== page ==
The secretary of state is in favor of designating four locations per county.
CLEVELAND (AP) — Ohio’s top elections official will consider another attempt at expanding early voting, which has been credited with shortening lines during last week’s election.
Secretary of State Jennifer Brunner wants to let each county open four early voting locations in the 35 days before an election. Ohio currently allows only one early voting center per county.
Brunner said she will gauge whether there’s interest in changing the law when she convenes a bipartisan election summit next month.
“I suspect early voting is going to be a very hot topic,” said Aaron Ockerman, a lobbyist for the Ohio Association of Election Officials. “I think we would fully support expanding it, especially in big counties.”
Brunner, a Democrat, tried to amend a House bill this year to expand early voting locations, but the Republican-led Legislature denied her request.
However, with a Democratic majority set to take control of the House next year, Brunner’s ideas could get renewed support.
House Speaker Jon Husted, a Dayton-area Republican, who is moving to the Republican-dominated state Senate next year, said he has not decided whether he will support more centers. He still has concerns about a window in the first week of early voting when people can register and vote on the same day.
The Ohio Republican Party challenged the legality of the weeklong period at the start of October, arguing that the process of verifying registrations was flawed, but state and federal courts upheld the voting window.
The Nov. 4 election was the first presidential contest in which voters could cast absentee ballots without giving a reason for voting early. Some Ohio counties, including Cuyahoga, encouraged early voting by keeping their balloting sites open seven days a week.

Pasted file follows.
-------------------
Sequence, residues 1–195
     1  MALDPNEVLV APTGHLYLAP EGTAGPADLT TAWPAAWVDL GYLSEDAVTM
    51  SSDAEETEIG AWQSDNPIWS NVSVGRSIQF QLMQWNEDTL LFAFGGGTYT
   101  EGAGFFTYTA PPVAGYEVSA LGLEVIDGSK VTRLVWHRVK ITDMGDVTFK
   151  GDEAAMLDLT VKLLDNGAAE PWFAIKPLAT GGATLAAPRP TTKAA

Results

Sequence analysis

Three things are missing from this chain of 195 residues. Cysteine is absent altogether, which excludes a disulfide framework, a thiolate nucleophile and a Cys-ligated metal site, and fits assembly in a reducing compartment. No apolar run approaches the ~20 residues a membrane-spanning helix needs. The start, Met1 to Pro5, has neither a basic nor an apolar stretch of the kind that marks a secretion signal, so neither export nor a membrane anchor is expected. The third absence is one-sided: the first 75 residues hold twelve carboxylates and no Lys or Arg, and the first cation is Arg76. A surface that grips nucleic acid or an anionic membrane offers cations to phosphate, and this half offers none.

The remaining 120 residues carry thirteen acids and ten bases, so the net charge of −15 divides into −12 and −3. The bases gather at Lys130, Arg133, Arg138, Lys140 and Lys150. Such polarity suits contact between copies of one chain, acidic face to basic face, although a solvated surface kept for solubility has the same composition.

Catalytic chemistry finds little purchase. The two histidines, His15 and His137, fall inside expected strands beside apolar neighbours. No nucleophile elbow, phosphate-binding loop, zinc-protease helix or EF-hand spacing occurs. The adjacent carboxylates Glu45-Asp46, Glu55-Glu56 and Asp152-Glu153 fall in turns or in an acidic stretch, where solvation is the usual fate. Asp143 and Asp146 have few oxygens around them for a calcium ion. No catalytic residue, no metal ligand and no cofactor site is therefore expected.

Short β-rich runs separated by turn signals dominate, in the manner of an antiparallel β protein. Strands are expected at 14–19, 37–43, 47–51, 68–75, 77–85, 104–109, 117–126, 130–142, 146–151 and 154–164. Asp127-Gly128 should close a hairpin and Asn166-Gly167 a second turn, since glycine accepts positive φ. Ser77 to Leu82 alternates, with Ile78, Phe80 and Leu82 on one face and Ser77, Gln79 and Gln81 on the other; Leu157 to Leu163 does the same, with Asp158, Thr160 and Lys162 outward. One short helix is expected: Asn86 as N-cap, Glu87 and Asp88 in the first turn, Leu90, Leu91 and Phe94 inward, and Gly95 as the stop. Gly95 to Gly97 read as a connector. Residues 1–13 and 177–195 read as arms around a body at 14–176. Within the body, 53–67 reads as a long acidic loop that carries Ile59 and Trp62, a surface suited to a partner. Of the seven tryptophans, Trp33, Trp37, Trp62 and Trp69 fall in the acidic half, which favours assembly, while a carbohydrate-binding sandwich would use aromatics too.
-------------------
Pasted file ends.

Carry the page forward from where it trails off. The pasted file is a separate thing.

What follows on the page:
The county, which includes Cleveland, paid at least $220,000 extra to staff the center on weekends.
About 54,000 people, or 8 percent of those who voted in Cuyahoga County, cast ballots early at the Board of Elections office where the wait sometimes reached two hours. More than 200,000 others mailed in absentee ballots, and about 395,000 people voted on Election Day.
Statewide, at least 25 percent of the 5.6 million people who cast ballots in the election were early voters. Brunner’s office didn’t have a final tally on early voting Wednesday.
The high early turnout reduced lines at the polls and allowed poll workers to close most locations on time.
“Early voting was a huge advantage,” said Jane Platten, the board’s director.
Long early voting lines discouraged some voters in large counties, said Dan Tokaji, a law professor at Ohio State University.
“The most useful reform would be to expand the number of locations in larger counties,” Tokaji said.